Tag Archives: ovi

OVI attorney Charles Rowland represents the accused drunk driver in Ohio.

OVI Trial Practice: Admission of the Alcohol Influence Report

alcohol influence report

The Alcohol Influence Report is a document prepared by the arresting officer noting each and every indicator for alcohol impairment that they took note of in their investigation.  Most of the forms require that the officer simply check the predetermined indicator.  Not surprisingly, all the officer’s observations fall neatly into these predetermined areas. The report is a document of the officers opinions and should not be considered routine ministerial reports of a non-adversarial nature.   Clearly, letting the jury have this document as evidence to review in the jury room would be prejudicial to an OVI defense.

Evidence Rule 803(8) excludes the alcohol influence report from evidence.  It states, in pertinent part:

RULES OF EVIDENCE

(8) Public records and reports. Records, reports, statements, or data compilations, in any form, of public offices or agencies, setting forth (a) the activities of the office or agency, or (b) matters observed pursuant to duty imposed by law as to which matters there was a duty to report, excluding, however, in criminal cases matters observed by police officers and other law enforcement personnel, unless offered by defendant, unless the sources of information or other circumstances indicate lack of trustworthiness.

Some courts have found that admissions of the forms is reversible error. State v. Joyce, 1998 WL 315913 (Ohio Ct. App. 1st Dist. Hamilton County 1998); State v. Weaver, 1985 WL 4343 (Ohio Ct. App. 10th Dist. Franklin County 1985); State v. Nightwine, 1982 WL 6042 (Ohio Ct. App. 12th Dist. Preble County 1982).  See also Ohio DUI Law, Weiler & Weiler  2013-2014 ed. at 439.

Attorney Charles M. Rowland II dedicates his practice to defending the accused drunk driver in the Miami Valley and throughout Ohio.  He has the credentials and the experience to win your case and has made himself Dayton’s choice for drunk driving defense. Contact Charles Rowland by phone at (937) 318-1384 or toll-free at 1-888-ROWLAND (888-769-5263). If you need assistance after hours, call the 24/7 DUI Hotline at (937) 776-2671.  You can have DaytonDUI at your fingertips by downloading the DaytonDUI Android App or have DaytonDUI sent directly to your mobile device by texting DaytonDUI (one word) to 50500.  Follow DaytonDUI on Facebook, @DaytonDUI on Twitter, YouTube, Tumblr, Pheed and Pintrest or get RSS of the Ohio DUI blog.  You can email CharlesRowland@DaytonDUI.com or visit his office at 2190 Gateway Dr., Fairborn, Ohio 45324.  “All I do is DUI defense.”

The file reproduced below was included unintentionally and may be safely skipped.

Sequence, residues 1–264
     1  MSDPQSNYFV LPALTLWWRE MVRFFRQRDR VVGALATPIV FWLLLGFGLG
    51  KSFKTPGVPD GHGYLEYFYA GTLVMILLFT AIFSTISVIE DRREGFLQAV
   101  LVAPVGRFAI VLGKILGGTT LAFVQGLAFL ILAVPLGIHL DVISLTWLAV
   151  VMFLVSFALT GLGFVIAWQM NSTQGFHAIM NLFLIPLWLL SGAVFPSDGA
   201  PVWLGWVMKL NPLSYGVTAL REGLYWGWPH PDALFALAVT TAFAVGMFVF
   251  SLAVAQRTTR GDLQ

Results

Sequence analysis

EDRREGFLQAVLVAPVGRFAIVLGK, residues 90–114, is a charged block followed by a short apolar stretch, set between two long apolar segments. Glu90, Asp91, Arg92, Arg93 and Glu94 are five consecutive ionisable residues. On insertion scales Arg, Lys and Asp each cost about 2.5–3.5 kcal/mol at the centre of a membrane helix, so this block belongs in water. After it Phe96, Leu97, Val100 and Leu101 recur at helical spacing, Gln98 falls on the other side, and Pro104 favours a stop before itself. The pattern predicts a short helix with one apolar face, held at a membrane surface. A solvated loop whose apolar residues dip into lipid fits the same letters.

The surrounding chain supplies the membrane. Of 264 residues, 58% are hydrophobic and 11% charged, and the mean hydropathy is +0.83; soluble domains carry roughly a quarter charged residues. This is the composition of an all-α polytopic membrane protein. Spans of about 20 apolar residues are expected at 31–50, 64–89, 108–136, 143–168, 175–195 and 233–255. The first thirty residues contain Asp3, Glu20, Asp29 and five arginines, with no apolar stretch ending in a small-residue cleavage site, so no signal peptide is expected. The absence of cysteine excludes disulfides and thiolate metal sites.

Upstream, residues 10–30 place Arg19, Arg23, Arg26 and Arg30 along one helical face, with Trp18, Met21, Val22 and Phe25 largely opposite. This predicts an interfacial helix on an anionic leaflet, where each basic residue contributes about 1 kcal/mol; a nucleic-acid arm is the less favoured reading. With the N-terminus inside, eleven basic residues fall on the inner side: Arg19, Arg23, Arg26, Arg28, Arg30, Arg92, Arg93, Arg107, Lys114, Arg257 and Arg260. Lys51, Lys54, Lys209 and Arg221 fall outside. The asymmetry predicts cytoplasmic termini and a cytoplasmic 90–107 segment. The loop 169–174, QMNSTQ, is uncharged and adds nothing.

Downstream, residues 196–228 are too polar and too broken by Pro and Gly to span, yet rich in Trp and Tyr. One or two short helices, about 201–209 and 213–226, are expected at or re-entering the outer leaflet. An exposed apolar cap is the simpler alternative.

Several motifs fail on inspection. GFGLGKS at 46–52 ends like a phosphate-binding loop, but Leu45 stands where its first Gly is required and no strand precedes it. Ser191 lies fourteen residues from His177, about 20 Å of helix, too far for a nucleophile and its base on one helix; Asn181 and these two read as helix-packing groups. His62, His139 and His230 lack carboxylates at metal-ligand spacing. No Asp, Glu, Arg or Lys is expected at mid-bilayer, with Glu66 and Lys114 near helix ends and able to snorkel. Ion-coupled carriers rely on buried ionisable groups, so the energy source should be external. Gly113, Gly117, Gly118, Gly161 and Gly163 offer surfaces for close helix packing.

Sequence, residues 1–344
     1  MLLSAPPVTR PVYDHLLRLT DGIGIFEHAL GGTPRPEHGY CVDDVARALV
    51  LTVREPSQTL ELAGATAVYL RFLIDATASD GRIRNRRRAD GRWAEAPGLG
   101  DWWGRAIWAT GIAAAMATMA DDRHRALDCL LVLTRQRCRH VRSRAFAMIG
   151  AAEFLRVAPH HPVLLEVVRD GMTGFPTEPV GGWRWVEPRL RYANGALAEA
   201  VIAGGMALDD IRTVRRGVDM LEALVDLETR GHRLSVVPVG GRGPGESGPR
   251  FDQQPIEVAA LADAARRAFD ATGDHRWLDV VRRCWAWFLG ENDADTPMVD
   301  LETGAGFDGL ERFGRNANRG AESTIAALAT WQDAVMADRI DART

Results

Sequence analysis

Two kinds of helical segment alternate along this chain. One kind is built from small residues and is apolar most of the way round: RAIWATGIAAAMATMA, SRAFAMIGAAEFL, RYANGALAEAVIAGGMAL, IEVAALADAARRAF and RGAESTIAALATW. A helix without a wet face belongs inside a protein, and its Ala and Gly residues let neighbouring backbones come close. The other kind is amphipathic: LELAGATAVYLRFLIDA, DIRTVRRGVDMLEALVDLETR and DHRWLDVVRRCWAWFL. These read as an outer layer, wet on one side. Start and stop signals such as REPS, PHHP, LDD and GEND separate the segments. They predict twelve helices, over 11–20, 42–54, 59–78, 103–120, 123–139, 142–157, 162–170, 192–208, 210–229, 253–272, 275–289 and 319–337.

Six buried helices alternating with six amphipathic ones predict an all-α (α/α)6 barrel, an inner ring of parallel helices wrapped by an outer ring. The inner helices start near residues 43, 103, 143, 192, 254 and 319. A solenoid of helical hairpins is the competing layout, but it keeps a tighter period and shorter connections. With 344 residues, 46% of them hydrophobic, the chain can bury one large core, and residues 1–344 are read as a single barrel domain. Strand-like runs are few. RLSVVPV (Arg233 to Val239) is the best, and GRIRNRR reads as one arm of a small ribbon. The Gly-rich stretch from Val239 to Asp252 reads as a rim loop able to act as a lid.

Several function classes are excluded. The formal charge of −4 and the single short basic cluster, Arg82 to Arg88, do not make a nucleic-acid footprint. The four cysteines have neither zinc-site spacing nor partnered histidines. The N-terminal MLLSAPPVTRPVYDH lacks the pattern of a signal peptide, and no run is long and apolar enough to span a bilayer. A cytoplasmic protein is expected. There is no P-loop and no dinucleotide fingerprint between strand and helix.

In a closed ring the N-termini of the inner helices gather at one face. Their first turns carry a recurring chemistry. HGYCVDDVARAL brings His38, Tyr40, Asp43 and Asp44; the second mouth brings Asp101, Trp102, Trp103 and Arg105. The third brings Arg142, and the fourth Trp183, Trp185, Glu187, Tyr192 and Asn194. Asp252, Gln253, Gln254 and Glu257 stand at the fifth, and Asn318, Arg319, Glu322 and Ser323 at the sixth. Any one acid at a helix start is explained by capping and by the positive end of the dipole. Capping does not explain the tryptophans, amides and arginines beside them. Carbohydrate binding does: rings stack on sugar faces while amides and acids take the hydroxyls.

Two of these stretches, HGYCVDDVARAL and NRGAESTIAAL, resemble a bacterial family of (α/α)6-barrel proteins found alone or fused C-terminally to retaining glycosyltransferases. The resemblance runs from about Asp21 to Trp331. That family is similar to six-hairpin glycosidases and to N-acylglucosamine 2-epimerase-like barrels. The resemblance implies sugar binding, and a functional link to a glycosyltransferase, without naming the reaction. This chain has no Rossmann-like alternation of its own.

To learn more about the alcohol influence report check these city-specific sites at the following links:

FairbornDaytonSpringfieldKetteringVandaliaXeniaMiamisburg, Huber HeightsOakwoodBeavercreekCenterville, Alcohol Influence Report 

Determining Probable Cause For An OVI Offense

probable causeA warrantless arrest must be supported by probable cause in order to be constitutionally valid. State v. Timson, 38 Ohio St.2d 122, 67 Ohio Op.2d 140, 311 N.E.2d 16 (1974).  In order to make a finding that probable (more likely than not) cause existed the court must look at the totality of the circumstances surrounding the arrest. State v. Miller,  117 Ohio App.3d 750, 691 N.E.2d 703 (11th Dist. Court of Appeals 1997), State v. Brandenburg, 41 Ohio App.3d 109, 534 N.E.2d 906 (2nd Dist. Court of Appeals, Montgomery County 1987). “[B]ecause of the mosaic which is analyzed for a …probable cause inquiry is multi-faceted, ‘one determination is seldom useful precedent for another.'” State v. Anez, 108 Ohio Misc.2d 18, 27, 738 N.E.2d 491 (2000) citing Ornelas v. United States, 517 U.S. 690, 698, 116 S.Ct. 1657, 1663, (1996) quoting Illinois v. Gates, 462 U.S. 213, 280, 103 S.Ct. 2317, 2332 (1983).

In an OVI case filed pursuant to O.R.C. 4511.19, the court must consider the following in making a determination:

  1. whether at the moment of arrest;
  2. the police had sufficient information
  3. derived from a reasonably trustworthy source of the facts and circumstances
  4. sufficient to cause a prudent person to believe
  5. that the suspect was driving under the influence

These factors are set forth at State v. Homan, 89 Ohio St. 3d 421, 427, 2000-Ohio-212, 732 N.E.2d 952 (2000), superseded by statute, State v. Bozcar, 2007-Ohio-1251, 113 Ohio St.3d 148, 863 N.E.2d 155 (2008) citing Beck v. Ohio, 379 U.S. 89, 91, 85 S.Ct. 223, 225 (1964); State v. Timson, 38 Ohio St.2d 122, 127, 311 N.E.2d 16 (1974).  It is clear from these cases that probable cause is a high standard that the government must meet in order to prosecute an OVI offense.